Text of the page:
Brief: This is a page that talks about granulomas, a type of bump that can sometimes appear on body piercings. Luckily these bumps are easy to treat and often go away by themselves.
TL;DR – Too much information? For a shorter version try reading our quick reference guide here.
Granulomas are not very common on body piercings but they do sometimes appear as a result of trauma (such as being pierced or knocking the piercing hard). They are often mistaken for blood blisters because they can bleed a lot and sometimes look to be ready to pop.
Granulomas are usually small and bright red in colour. They can appear as a perfectly round looking raised spot (like a red ball stuck to the skin) or as a lump which looks similar to chopped meat and is very uneven, both the appearances can look also quite shiny or wet.
Granulomas tend to bleed quite a bit when knocked (or even spontaneously) which, as well as being annoying, could pose an infection risk since the lump keeps ‘opening’. Because of this bleeding these bumps are sometimes mistakenly thought to be blood blisters.
Granulomas form when the body’s immune system attempts to wall off substances that it thinks is foreign. The body releases‘first response’ inflammatory cells which are responsible for flushing out debris and other things trapped inside wounds and if these don’t work it may make a granuloma to protect itself instead.
This could be from certain infectious bacteria or (most probably) from the jewellery itself as its not natural to have a small chunk of metal in the middle of a wound (no matter how much we may like it to be there)! If the granuloma was stimulated by bacteria it can contain dead cells which, in some cases, may smell.
The term granuloma covers any ‘small nodule’ so it is not very specific. It is thought that the granulomas that occasionally appear near piercings may be Pyogenic granuloma which (despite the name) are only loosely linked with ‘true’ granulomas. However they are only definable by biopsy and lab testing so its unlikely to really matter with body piercings.
Little specific is known about granulomas or exactly what stimulates the inflammatory cells to create them and since they can even appear completely spontaneously it’s quite hard to say what may prevent them.
- On body piercings they tend to appear most often on the nose and navel but they can appear almost anywhere on the head, arms and torso.The nasal septum seems to be another common place to see them, and they are often found to be the source of repetitive nose bleeds.
- They are also more popular in children (particularly under 5s) and young adults and appear to be effected by female hormones; making women in general more susceptible to them.
- Certain medications such as hormonal contraceptives, protease inhibitors and retinoids seem to increase the risk of these bumps forming also.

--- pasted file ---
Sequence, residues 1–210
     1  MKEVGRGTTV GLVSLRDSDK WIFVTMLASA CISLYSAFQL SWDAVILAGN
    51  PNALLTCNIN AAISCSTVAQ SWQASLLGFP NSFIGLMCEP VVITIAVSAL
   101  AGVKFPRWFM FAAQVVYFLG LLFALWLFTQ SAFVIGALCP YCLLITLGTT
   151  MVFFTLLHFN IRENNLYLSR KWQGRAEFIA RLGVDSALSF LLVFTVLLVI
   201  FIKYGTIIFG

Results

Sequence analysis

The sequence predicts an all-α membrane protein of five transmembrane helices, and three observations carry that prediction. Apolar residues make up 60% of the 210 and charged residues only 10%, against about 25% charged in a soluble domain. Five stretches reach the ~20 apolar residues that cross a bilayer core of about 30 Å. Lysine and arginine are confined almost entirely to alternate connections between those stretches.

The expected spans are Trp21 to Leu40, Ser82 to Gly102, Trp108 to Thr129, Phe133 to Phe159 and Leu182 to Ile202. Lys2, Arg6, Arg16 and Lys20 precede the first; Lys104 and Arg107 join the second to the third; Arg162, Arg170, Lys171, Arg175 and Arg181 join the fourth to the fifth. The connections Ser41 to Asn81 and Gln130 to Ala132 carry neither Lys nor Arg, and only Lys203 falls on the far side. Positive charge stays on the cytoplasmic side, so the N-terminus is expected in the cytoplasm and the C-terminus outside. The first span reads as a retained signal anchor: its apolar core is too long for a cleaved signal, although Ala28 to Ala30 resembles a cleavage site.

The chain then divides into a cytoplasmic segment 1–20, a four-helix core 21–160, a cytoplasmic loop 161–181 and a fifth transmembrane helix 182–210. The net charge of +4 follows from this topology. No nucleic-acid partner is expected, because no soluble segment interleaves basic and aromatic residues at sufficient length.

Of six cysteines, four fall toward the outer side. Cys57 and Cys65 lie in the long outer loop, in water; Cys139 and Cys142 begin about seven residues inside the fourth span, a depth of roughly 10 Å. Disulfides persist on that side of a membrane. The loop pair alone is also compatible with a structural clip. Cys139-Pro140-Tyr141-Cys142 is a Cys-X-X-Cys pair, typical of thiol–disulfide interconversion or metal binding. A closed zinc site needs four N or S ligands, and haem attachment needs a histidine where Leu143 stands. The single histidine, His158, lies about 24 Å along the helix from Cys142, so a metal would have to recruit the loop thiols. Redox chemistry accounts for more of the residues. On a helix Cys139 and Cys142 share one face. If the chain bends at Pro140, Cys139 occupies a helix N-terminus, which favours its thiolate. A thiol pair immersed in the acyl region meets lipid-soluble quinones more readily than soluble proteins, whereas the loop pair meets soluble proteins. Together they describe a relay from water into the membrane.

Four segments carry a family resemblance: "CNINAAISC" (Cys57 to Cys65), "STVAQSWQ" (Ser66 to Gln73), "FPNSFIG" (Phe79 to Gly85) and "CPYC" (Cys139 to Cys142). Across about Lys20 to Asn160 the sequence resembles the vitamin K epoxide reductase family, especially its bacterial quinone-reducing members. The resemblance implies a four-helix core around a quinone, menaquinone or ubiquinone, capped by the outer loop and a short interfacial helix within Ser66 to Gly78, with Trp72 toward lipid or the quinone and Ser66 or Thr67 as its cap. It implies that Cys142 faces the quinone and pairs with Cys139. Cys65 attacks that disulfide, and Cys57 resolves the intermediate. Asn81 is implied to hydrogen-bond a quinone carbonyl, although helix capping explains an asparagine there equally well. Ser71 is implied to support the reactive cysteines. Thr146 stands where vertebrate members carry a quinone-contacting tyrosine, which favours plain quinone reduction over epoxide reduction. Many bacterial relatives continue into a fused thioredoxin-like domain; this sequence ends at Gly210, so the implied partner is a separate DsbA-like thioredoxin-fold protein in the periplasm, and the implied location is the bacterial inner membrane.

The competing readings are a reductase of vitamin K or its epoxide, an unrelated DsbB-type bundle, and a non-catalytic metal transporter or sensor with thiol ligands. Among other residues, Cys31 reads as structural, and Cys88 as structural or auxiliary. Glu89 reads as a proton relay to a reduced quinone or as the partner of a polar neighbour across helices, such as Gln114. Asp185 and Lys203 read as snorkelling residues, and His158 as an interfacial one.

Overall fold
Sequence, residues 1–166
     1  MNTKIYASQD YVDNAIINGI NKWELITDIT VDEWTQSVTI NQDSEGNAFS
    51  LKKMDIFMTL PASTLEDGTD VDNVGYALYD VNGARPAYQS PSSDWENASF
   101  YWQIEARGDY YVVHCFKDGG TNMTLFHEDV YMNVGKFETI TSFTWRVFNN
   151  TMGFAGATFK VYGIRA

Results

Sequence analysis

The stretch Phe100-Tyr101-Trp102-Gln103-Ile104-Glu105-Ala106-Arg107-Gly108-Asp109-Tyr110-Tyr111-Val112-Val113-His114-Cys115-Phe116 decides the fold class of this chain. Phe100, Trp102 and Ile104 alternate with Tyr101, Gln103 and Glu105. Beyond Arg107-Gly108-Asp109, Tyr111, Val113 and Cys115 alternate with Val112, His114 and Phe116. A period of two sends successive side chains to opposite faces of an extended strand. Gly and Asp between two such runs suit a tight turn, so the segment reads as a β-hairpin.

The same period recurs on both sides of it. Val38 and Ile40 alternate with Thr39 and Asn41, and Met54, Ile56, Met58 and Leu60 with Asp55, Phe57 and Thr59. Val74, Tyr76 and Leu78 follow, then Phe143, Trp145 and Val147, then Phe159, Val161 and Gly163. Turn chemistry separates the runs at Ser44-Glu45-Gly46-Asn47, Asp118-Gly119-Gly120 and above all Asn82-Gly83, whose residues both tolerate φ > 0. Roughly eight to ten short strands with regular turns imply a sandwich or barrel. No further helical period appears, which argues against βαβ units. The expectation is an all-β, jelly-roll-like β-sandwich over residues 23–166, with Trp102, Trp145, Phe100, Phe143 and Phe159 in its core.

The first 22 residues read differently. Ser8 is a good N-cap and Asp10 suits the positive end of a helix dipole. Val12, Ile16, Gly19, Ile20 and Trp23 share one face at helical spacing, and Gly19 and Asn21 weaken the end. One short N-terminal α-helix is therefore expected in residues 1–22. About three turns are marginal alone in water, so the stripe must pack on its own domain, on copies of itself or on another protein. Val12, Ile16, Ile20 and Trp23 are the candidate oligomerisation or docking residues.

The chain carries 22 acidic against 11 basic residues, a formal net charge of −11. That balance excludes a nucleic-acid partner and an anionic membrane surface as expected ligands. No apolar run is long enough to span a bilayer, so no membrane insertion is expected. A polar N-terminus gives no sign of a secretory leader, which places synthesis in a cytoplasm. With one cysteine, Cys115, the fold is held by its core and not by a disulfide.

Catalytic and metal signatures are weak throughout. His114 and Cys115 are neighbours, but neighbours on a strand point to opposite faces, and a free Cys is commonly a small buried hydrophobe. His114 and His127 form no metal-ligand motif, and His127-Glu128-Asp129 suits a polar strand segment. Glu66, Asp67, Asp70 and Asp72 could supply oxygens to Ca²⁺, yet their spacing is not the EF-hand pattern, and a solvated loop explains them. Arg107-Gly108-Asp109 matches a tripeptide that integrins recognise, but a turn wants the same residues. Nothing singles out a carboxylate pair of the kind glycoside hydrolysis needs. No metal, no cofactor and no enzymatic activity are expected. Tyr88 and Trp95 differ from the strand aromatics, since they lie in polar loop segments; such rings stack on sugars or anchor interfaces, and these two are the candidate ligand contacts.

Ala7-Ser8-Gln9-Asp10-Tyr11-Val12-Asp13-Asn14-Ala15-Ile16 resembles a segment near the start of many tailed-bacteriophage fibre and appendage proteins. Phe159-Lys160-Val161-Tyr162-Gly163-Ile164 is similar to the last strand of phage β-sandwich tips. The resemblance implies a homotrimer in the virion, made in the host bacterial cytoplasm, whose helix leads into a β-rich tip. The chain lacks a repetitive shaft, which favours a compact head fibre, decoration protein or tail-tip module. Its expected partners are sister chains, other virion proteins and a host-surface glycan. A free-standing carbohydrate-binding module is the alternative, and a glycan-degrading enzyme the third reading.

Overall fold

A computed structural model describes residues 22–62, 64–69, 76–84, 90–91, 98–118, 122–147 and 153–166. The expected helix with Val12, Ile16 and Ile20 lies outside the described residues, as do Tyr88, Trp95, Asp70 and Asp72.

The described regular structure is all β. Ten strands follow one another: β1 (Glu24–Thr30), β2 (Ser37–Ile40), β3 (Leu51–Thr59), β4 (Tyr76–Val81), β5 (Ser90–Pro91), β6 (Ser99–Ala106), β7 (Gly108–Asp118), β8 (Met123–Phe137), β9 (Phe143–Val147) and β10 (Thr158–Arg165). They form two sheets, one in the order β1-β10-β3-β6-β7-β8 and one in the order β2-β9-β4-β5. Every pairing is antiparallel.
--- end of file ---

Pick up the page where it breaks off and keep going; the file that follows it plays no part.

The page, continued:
If you fall into a risk group it is seriously worth considering if you think body piercing is worth the risk of these bumps forming.
Luckily most granulomas go away by themselves but in the mean time they can be annoying and prone to possible infection so it is important to keep an eye on them.
Keep it Dry. The best thing to do is to stop saline soaking your piercing, moist conditions don’t appear to be good for granulomas which tend to shrivel and dry out when the start to go away. To this end creams, oils, soaps and liquids may not be helpful either.
Use medicated powder. The best thing to use is a medicated or antibacterial talcum powder once or twice a day. You can find medicated talcum powder in most pharmacies or you can shop online for things like CX Powder. This should help to keep the area dry and free of bacteria.
Treat the bleeding. When the granuloma bleeds make sure to apply pressure to stop the flow as soon as possible and let the scab / dried blood stay several hours before gently cleaning it away, to make sure the granuloma has clotted properly and won’t just bleed again. Blood is best cleaned away with a gentle soap, being sure to dry the piercing thoroughly afterwards.
Over it over. If the bump is particularly bothersome it can be covering in a breathable dressing. Just make sure to change it regularly, especially if it gets wet or dirty and to clean and powder the area each day.
If the granuloma bleeds a lot or just generally distresses you it can be removed or treated by a medical professional.
Imiquimod Cream. Perhaps the easiest form of treatment is to be prescribed a topical imiquimod cream which activates immune cells and encourages them to come to the bump and heal it, so this may be what your doctor will try first.
Cauterisation. If this doesn’t work then granulomas do seem to respond well to curettage and cauterisation which is where the bump is scraped away using a sharp blade and the wound closed using heat – all done under local aesthetic.
Medical Intervention. They can also be frozen off, lasered away and surgically removed but usually before any of these treatments happen a biopsy (where they take a piece of tissue from the granuloma) may be preformed to try and discover the cause of the bump.
If you would like to know more about granulomas we suggest reading the following articles.
A Pyogenic Granuloma article by Skin Sight can be found here. This article discusses the bump in some detail but is clearly laid out and easy to read.
The patient.co.uk Pyogenic Granuloma article has fantastic close up photographs and pinpoints key issues in handy bullet points.